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Michelangelo Antonioni

By JEFFREY GANTZ  |  August 8, 2007

Good or bad, Antonioni’s films always start from cinema year zero. The narrative, when there is one, implodes: Sandro and Claudia don’t find — or even look very hard for — Anna; Thomas (David Hemmings) in Blow-Up doesn’t solve the murder he appears to have photographed. The characters are blank slates, usually with just first names, sometimes with none at all. (The characters played by Hemmings and Vanessa Redgrave in Blow-Up are called Thomas and Jane in the screenplay but not in the film.) The actors don’t act so much as react to the situations Antonioni places them in. The dialogue can be pointed: Vittoria telling Piero, “I wish I didn’t love you, or that I loved you much more”; Giuliana (Vitti) in Il deserto rosso telling Corrado (Richard Harris), “If Ugo [her husband] had looked at me the way you do, he’d have understood many things.” More often characters speak at cross-purposes — famously Thomas and Patricia (Sarah Miles) in Blow-Up — or offer suspect wisdom. The editing defies convention: “important” events are elided (how does the Girl get from the front seat of Locke’s car to the back?), “unimportant” ones go on and on (the interminable shot of Claudia running down the Taormina hotel hallway had the Cannes premiere audience yelling, “Cut!”). And sequences are mismatched, like the one in The Passenger where you’re led to believe you’re looking at the African desert from Locke’s point of view and then suddenly there he is driving his Land Rover into the shot.

Near the beginning of The Passenger, Locke asks Robertson (Chuck Mulvehill), whose identity he’ll assume after Robertson suffers a fatal heart attack, “What’s on the other side of that window?” It’s an apt question from a man whose name is an amalgam of British empiricists David Hume and John Locke, and there’s no filmmaking principle Antonioni won’t jettison to get nearer to the answer. His compositions are as searching — and enigmatic — as those of his Renaissance predecessor, Piero della Francesca. At the outset of La notte, which is set in Milan, his camera hugs the curves of Gio Ponti’s brand new, organically inspired Pirelli Tower as sensuously as it will later Lidia (Jeanne Moreau) in her tight flowered dress. In Il deserto rosso, it pulls back from Giuliana to show her dwarfed by the huge, spidery red radio telescopes of Medicina; later, bored with Corrado’s inducements to workers to accept employment in Patagonia, it wanders off to follow the path of a blue line running up the white wall.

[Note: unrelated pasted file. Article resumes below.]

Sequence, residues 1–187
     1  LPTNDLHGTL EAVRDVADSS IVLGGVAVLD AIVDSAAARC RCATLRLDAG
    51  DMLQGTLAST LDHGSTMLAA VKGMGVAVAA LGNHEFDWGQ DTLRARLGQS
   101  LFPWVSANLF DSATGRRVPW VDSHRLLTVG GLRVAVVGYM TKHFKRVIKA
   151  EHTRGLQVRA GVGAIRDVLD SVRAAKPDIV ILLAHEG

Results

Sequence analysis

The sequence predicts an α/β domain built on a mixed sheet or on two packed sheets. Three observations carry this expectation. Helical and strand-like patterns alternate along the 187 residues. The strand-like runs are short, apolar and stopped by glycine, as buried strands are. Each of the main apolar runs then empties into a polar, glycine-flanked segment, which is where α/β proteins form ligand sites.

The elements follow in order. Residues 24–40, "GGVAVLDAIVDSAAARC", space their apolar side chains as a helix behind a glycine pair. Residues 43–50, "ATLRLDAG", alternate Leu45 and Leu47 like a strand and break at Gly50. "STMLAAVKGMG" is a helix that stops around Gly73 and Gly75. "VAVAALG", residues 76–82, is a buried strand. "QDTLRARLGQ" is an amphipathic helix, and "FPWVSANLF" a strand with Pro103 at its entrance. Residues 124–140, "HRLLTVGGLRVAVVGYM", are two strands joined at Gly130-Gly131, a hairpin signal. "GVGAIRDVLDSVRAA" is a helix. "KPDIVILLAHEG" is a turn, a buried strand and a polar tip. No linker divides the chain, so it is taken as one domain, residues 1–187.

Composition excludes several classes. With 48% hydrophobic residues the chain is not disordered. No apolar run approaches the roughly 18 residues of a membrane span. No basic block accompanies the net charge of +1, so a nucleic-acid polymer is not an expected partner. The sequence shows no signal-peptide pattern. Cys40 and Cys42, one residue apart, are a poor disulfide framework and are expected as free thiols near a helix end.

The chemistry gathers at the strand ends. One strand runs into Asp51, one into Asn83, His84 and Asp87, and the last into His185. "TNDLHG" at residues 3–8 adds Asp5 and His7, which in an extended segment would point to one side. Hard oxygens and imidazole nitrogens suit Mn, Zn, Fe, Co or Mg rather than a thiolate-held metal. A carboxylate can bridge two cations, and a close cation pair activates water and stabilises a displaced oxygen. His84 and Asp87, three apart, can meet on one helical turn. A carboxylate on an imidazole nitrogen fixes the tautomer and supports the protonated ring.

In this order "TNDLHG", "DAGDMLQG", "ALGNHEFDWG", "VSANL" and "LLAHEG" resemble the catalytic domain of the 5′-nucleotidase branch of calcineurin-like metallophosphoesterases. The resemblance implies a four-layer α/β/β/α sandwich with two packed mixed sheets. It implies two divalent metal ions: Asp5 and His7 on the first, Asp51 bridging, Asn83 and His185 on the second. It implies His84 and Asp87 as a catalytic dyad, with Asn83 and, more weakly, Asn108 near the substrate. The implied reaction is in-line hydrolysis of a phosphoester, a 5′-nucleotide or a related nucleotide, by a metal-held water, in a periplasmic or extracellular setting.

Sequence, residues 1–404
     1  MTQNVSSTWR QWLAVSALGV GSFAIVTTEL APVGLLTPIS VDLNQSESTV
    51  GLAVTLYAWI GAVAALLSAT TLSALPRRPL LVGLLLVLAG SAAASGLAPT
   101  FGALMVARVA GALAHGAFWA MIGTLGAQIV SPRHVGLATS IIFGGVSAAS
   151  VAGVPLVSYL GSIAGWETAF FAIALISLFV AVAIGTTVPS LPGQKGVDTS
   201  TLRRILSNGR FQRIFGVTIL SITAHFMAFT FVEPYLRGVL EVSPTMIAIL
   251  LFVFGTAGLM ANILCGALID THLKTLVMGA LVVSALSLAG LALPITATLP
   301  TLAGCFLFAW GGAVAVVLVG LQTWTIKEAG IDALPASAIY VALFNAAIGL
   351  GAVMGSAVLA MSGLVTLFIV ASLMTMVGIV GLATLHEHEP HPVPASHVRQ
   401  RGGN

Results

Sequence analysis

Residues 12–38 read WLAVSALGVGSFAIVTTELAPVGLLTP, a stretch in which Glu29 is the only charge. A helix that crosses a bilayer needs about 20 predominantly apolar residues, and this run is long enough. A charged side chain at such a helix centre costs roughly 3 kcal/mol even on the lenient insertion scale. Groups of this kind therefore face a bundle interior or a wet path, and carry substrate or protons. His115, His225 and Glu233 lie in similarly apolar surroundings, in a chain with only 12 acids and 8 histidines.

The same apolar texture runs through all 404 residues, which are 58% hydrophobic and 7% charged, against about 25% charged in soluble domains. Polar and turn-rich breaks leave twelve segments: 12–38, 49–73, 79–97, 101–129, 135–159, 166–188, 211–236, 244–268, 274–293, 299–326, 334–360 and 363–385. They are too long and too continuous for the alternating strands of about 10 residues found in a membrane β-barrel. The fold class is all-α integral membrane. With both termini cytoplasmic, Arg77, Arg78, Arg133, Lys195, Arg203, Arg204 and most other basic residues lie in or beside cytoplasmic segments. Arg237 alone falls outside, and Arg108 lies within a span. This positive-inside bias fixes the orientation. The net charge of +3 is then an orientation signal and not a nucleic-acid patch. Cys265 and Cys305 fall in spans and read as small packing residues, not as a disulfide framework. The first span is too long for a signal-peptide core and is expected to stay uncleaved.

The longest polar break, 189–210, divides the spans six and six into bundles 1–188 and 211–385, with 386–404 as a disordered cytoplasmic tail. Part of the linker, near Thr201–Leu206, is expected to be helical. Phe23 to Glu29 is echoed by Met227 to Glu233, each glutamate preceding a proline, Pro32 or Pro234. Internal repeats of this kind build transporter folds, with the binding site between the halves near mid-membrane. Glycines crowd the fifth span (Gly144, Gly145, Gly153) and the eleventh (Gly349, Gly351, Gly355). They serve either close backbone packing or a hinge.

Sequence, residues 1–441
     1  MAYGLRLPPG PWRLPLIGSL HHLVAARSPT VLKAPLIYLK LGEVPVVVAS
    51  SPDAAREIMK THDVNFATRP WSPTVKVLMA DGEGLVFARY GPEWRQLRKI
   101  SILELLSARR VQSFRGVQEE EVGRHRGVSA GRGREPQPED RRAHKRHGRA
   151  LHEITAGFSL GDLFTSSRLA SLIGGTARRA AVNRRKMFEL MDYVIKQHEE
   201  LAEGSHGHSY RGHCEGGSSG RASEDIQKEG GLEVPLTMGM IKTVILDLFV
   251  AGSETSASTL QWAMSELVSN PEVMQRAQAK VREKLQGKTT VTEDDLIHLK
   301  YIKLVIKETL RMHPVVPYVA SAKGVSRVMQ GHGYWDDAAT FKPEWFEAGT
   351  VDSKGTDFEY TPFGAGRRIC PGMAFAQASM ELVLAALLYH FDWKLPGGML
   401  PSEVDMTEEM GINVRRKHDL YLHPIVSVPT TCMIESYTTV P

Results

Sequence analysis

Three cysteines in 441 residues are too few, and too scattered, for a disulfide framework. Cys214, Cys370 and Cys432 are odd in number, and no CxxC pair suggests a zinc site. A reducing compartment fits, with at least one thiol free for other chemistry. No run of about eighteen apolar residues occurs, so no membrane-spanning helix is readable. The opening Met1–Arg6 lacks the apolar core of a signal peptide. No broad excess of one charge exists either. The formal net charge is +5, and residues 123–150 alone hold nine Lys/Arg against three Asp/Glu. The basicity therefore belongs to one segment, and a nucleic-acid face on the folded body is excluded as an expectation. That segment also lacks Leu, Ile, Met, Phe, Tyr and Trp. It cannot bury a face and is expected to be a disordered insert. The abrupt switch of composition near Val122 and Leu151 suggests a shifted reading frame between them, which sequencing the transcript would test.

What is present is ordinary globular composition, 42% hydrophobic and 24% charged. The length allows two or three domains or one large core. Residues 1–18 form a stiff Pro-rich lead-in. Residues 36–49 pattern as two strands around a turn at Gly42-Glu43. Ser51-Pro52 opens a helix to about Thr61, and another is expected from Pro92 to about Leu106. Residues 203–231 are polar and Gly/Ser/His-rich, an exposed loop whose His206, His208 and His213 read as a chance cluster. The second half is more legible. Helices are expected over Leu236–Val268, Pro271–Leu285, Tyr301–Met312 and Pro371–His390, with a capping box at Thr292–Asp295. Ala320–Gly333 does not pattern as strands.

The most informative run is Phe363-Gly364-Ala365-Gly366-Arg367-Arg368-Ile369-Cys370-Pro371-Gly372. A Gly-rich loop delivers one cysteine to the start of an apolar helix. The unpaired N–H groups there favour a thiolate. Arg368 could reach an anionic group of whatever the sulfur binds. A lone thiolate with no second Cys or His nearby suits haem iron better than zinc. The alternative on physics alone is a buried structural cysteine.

It’s a cinema of liberation — from the conventions of everyday movies, from the boundaries of everyday life. At the end of Il deserto rosso, Giuliana tells her son that the birds don’t die in the belching yellow smoke that’s poisoning Ravenna because they learn to fly around it. Then mother and son leave the picture — not out the side, as in a normal movie, but through the bottom, as if death were the only true escape. At the end of Blow-Up, the camera executes a reverse blow-up, rendering Thomas invisible and immaterial. At the end of Zabriskie Point, Daria’s thoughts causes the desert house of capitalist Lee Allen (Rod Taylor) to explode, reinventing consumer America (a box of Special K, a loaf of Wonder Bread) as a Pink Floyd–accompanied aerial ballet. The ball of light that envelops L’eclisse is the Sun exploding and consuming the Earth.

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